English N135

Literature of American Cultures

Section Semester Instructor Time Location Course Areas
1 Summer 2011 Schweik, Susan
Schweik, Susan
MTuTh 4-6P 180 TAN

Other Readings and Media

Adams: Readings For Diversity & Social Justice; Barclay: Melal; Gray-Garcia: Criminal Of Poverty; Moraga: Heroes & Saints & Other Plays; Ali: The Domestic Crusaders; Yu: Third Class Superhero; Parks: Venus; Yamamoto: Seventeen Syllables And Other Stories; Okubo: Citizen 13660


This course will analyze the categories of “disability,” “race” and “ethnicity” critically. “Disability” as an identity category is always raced, whether we attend to that intersection or not, and people defined in racial terms are also always placed on axes of disability and ability, well and ill, normal and abnormal, malformed and well-formed. Much work on that ambiguous umbrella term “disability” treats disabled people as ungendered (that is, male), unraced (that is, white), without nationality that is, native-born American but barely a citizen), and unsexualized (that is, heterosexual, but only in default). My aim in this course is to set up situations in which you can think about several of these categories simultaneously in the context of American cultures present and past.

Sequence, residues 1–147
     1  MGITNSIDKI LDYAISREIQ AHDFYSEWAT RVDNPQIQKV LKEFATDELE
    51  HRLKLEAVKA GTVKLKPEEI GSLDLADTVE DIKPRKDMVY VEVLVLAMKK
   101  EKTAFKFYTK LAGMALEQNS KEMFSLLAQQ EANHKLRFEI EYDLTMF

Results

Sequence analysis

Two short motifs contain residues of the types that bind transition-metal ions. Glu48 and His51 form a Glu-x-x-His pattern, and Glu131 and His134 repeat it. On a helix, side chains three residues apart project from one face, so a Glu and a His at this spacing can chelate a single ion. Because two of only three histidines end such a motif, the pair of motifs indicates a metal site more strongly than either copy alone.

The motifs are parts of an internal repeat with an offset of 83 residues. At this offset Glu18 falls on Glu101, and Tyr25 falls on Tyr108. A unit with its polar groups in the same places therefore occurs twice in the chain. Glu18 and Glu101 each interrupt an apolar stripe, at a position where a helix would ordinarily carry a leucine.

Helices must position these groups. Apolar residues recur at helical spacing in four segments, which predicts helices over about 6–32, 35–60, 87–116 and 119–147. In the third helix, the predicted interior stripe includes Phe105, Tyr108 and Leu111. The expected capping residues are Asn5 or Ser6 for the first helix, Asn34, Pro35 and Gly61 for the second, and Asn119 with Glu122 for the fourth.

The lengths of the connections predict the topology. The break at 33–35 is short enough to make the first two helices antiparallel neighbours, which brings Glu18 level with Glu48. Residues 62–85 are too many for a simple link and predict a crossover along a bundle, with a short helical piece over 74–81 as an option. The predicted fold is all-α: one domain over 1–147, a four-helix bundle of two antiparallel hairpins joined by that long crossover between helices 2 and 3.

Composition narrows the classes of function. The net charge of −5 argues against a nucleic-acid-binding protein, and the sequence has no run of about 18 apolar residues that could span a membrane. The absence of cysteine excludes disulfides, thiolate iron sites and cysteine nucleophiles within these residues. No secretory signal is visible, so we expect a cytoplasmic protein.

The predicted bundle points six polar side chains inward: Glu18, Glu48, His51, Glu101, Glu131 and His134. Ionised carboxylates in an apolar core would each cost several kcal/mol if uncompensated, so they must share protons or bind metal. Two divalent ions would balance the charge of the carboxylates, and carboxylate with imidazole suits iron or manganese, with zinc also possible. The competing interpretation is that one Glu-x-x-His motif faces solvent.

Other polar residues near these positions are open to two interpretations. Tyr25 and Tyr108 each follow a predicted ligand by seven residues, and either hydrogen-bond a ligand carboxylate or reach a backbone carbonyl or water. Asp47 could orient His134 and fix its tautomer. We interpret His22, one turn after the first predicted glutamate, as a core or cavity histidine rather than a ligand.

To this end, we will take several familiar cultural figures as case studies: freaks, beggars, victims and parents/children. Each of these situations illustrates how racism and ableism have intertwined (along with class issues) in American (dis)ability cultures. A variety of guest speakers, including performance artists and activists, will visit us, and we’ll view a series of films.

Requirements:  Written requirements: two papers and a final exam.

Note that this class satisfies U.C. Berkeley's American Cultures requirement.

This course is taught in Session D, July 5 to August 12.

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